Whistleblower suits target insurer titan.
It’s been a busy couple of weeks for at least one of the two whistleblower cases proceeding against UnitedHealth Group in federal district court over allegations of Medicare Advantage fraud. I will refer to this case as the Swoben action because it was initiated by whistleblower James Swoben, a former data manager of Scan Health Plans.
To set the stage for these latest developments, let’s begin with a brief review of the recent procedural history of the Swoben case:
- In March, the United States joined part of Mr. Swoben’s whistleblower case. Although Mr. Swoben had named several Medicare Advantage plans as defendants, the federal government only joined as it pertained to the UnitedHealth Group defendants – and even then, regarding some but not all of Mr. Swoben’s claims against United.
- In May, the United States filed its own complaint-in-intervention against the United defendants only.
- The United defendants responded by filing a motion to dismiss the government’s complaint.
On Oct. 5, presiding U.S. District Court Judge John F. Walter issued an order granting United’s motion to dismiss the government’s complaint. Although he dismissed some of the claims with prejudice, for others Judge Walter gave the government leave to amend its complaint to strengthen its allegations.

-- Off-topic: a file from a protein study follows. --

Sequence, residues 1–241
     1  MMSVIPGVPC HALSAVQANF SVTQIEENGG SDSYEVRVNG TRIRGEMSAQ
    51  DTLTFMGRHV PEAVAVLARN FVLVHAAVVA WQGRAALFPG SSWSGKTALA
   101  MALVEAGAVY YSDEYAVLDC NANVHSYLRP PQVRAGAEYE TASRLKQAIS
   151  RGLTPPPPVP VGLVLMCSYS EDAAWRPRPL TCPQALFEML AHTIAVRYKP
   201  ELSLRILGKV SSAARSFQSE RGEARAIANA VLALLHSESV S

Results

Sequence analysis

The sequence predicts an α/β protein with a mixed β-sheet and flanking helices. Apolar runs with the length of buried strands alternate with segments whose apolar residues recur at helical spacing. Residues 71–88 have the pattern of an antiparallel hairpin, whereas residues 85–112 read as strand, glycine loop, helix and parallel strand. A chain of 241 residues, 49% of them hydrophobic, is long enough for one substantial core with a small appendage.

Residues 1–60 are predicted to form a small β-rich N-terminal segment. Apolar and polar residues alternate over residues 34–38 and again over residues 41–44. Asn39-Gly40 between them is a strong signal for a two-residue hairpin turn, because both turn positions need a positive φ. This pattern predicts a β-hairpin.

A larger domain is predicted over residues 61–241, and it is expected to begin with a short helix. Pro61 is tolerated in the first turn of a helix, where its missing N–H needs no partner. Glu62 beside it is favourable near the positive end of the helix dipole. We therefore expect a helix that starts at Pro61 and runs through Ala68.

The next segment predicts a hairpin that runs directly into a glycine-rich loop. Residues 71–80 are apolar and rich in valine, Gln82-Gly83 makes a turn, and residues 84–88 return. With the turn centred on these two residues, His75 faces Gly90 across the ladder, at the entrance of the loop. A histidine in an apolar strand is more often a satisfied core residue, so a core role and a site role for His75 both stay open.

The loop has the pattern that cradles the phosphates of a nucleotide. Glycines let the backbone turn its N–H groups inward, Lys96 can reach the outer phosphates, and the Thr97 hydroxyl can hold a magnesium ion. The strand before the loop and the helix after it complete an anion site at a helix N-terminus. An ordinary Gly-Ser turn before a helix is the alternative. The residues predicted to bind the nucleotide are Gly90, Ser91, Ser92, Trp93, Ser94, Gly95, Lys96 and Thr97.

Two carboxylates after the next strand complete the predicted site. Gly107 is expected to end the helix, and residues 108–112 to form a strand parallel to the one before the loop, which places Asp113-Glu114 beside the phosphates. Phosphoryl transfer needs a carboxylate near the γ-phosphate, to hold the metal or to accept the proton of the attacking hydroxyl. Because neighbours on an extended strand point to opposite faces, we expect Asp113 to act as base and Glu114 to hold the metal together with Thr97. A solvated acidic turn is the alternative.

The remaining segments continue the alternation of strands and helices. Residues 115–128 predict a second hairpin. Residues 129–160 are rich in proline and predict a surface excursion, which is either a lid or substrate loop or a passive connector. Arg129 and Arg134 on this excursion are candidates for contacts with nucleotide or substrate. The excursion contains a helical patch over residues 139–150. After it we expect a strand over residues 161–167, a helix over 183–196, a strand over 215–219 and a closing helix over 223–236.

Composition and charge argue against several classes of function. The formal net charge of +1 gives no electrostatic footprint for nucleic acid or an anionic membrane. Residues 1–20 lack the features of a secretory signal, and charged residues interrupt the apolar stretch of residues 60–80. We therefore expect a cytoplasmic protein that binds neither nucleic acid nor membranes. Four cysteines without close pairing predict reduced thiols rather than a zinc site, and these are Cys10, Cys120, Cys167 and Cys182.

However, rather than seeking to amend its complaint, on Oct. 12 the United States filed a notice that it was dismissing its claims against the UnitedHealth Group defendants. The dismissal was made without prejudice, which means the government could seek to revive its allegations at a later date.
Last week, on Oct. 18, Mr. Swoben also filed a notice of dismissal – this one seeking to dismiss the remaining defendants in his whistleblower case. Mr. Swoben’s dismissal was made without prejudice as well and preserves his right to later refile. That same day, the United States consented to Swoben’s dismissal of these defendants. The impact of these two dismissals appears to be that there are no longer any active claims in the Swoben case, and the matter is now effectively dismissed.
According to Law360, although the United States has declined to comment on its dismissal in the Swoben matter, a spokesperson for the U.S. Attorney’s Office in Los Angeles did note that the government is still litigating another whistleblower lawsuit in the Central District of California involving allegations of Medicare Advantage fraud. The government joined this lawsuit, which was initiated by whistleblower Benjamin Poehling, in February of this year and filed its complaint-in-intervention in May. Mr. Poehling worked for UnitedHealthcare Medicare and Retirement in Minneapolis on matters involving United’s Medicare Advantage plans. On Sept. 28, presiding Judge Michael W. Fitzgerald denied United’s motion to transfer the case to the District of Columbia, where it is pursuing a case against the Centers for Medicare & Medicaid Services (CMS) under the Administrative Procedures Act.
In short, while the Swoben case appears to have reached its conclusion, the government’s case against UnitedHealth Group with Poehling continues.